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The Guitar Medic

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Instrument Case Repair and Alteration                          ®
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I have been repairing cases sort of as a side thing, ever since I began repairing stringed instruments. But I always did it as a favor, or as a side issue. Cases are cheap, and usually people can go buy a new nice hard case for $50-$150. However, for those cases you want repaired or altered I now am offering this as a service, beginning in November 2014. Not all cases are worth repairing but if you have an old case that came with your guitar or that came from the factory, you may wish to invest in repairing it.
 
Cases have latches, lining, etc. that just wear out or break. Covering becomes separated, handles fall off or break, and sometimes the case comes apart at the seams.  Sometimes a guitar may not fit quite right, but could fit nicely with a minor alteration. These items are usually easily fixed, and if you have a unique case (such as the ones that 70's Yamaha guitars came in, or an old Gibson case), you may wish to invest the money to have it repaired.  I can do that for you.  Look me up. Contact me HERE.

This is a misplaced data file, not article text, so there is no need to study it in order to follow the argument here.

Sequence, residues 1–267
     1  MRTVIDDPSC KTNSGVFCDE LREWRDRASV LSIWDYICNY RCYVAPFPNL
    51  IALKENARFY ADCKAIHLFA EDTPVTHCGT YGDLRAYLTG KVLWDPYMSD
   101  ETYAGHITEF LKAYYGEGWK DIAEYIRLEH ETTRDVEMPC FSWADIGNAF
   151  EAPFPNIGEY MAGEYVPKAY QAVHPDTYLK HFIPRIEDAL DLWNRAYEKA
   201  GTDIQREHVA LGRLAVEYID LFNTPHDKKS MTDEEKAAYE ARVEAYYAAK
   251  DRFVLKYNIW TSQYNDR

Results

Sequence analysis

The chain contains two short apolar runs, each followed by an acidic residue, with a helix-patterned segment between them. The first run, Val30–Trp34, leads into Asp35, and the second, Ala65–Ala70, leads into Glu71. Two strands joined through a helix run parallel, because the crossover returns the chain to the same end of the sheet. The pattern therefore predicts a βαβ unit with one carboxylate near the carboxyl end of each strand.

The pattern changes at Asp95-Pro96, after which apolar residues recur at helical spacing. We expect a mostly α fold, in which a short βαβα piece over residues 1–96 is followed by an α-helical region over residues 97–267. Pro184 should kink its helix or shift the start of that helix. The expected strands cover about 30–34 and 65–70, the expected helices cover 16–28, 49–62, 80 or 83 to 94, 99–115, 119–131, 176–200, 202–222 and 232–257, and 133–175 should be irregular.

I started documenting some of the repairs in 2014. Prior to that I have very few photos of case repairs. The latest one is the one mentioned above--a vintage Yamaha case. Look in the menu at left for examples. As I continue this endeavor and accumulate photos, I will post them there for you to see the quality of work.
 
If you have a vintage case, and it isn't what it used to be, it might be able to be restored--for less than you might think. Keep me in mind. You can contact me via the "Contact Me" link in the left menu.
 
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My first repair job on cases was for a school corporation. I had about 40 cases to repair. To make this cost-effective, I charged $20 each. This made the investment of time worthwhile because the job was large, and the time spent on each case was about 30 minutes. I used two cans of the brush-on Plasti-Dip. This stuff is great. It is not really plastic, but is a flexible rubberized coating. If applied to a clean surface, it is quite durable. At each tear, the first step is to trim away the frayed material, and make the missing area a nice clean cut. Then the area must be cleaned thoroughly. I use 90% alcohol to clean. It evaporates quickly and thoroughly. I then paint on the Plasti-Dip, and I dab the surface to match the rough surface of the case. After it dries (about 1-2 hours) I check for thorough coverage. After 24 hours, I go over it with black shoe dye. I allow the black shoe dye to dry for 24 hours. Then I apply black shoe paste. After the shoe paste dries (about 1 hour) I buff it with a shoe brush. This makes the surface like new.